Monday, 16 February 2015

Week 7: Patrick's Day

Writer/Director: Terry McMahon
Seen: Friday 13th February 2015
Venue: IMC Galway
Snacks: Ben & Jerrys Chocolate Browine (an eye scalding €3.80 for a tiny tub)
Mood: WOW
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There are good films, there are bad films and the there are fantastic IRISH films like ‘Patrick’s Day’. I left the cinema having seen this film quite literally blown away. In fact, it rattled around in my brain for several hours the impact is so strong.
Patrick Fitzgerald played by Moe Dunford is a man in his early 20’s suffering with severe mental health issues. He lives in a home and his doting mother Maura (Kerry Fox) takes him to see the annual St Patrick’s Day parade in Dublin City every year for his birthday. This particular year he meets Karen (Catherine Walker) and his whole world is turned upside down. Karen has her own demons to deal with and maybe sees an innocence in Patrick that she no longer possesses, but it is this very innocence that Maura is trying to protect.
This is a film about love, the right to intimacy no matter what. Yes, it’s about mental health but also sexuality,control and the stigma attached to mental health issues. As the tagline proclaims ‘Love is madness’.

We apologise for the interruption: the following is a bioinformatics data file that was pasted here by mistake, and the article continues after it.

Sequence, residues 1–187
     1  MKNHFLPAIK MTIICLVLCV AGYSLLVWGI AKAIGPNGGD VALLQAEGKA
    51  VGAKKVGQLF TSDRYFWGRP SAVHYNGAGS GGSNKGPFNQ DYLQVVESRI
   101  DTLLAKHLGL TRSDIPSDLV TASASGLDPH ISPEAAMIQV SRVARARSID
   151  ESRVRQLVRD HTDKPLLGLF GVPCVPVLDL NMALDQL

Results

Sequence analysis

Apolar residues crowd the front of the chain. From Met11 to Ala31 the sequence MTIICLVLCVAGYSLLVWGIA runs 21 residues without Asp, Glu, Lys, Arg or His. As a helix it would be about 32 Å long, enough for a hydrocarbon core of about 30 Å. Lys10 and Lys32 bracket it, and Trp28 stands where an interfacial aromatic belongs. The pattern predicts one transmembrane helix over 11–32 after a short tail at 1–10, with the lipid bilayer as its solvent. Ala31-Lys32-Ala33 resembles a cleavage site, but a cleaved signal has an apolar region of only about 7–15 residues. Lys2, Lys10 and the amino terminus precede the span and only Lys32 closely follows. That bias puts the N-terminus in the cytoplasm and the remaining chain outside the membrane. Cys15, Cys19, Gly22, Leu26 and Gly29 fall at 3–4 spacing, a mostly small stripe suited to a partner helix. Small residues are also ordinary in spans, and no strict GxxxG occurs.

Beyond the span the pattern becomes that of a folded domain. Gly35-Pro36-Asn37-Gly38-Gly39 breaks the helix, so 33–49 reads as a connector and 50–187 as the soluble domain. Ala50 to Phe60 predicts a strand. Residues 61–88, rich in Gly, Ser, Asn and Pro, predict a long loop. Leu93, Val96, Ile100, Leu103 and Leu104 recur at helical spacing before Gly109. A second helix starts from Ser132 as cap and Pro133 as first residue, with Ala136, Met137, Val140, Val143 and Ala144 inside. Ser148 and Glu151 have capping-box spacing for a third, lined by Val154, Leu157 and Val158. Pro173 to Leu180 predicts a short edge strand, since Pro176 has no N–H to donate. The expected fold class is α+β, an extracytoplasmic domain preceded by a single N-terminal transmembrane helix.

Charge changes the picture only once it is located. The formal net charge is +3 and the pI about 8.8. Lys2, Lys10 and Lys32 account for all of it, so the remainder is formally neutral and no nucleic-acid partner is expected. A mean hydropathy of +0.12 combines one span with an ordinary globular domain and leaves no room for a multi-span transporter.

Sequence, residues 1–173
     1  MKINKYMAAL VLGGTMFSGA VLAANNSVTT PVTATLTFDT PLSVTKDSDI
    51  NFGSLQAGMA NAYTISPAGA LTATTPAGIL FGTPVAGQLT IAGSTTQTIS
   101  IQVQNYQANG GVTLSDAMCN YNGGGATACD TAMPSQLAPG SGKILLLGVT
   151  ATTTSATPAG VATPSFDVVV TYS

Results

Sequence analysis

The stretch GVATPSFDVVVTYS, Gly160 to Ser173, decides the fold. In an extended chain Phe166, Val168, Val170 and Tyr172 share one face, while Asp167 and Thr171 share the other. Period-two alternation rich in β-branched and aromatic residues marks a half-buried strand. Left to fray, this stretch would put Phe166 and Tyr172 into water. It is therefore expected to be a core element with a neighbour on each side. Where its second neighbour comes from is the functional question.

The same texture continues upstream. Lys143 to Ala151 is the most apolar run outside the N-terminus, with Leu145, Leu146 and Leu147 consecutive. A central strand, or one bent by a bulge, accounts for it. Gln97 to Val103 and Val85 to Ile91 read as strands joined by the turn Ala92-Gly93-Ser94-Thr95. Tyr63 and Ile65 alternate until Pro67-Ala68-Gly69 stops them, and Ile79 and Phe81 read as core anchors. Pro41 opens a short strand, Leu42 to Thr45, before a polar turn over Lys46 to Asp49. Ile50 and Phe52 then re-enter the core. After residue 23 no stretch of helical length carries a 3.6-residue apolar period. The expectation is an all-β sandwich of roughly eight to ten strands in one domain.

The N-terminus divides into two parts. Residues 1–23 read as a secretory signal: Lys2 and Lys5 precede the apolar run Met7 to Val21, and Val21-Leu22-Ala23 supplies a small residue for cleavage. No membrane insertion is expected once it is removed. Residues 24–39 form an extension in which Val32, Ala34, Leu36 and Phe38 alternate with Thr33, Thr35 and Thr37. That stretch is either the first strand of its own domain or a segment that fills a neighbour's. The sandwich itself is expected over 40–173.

Maura does what she does for love. Patrick is her whole world and when she sees that world potentially coming apart she makes a choice that makes a devastating affect on her son.
The director Terry McMahon allows us into Patricks world with brilliant use of close ups and out of focus dream like sequences. There is a jaw dropping scene in the middle of the film which is so powerful I could barely watch it.

It is no wonder this film has won so many awards so far, it swept the board at the recent Woodstock Film Festival. Moe Dunford as Patrick is just breathtaking, its not an easy role to play believably but he does so with aplomb, he is an actor to watch for sure.
In a recent interview on the Late Late Show Terry McMahon urged audiences to go and see the film as it is important for the Irish film business and to raise awareness for the subject matter.
The performances are powerful from all, the editing is outstanding and the director brings us crashing into Patrick’s world and we are left reeling.
I urge you to see this film for these reasons and to  PLEASE support Irish Cinema.

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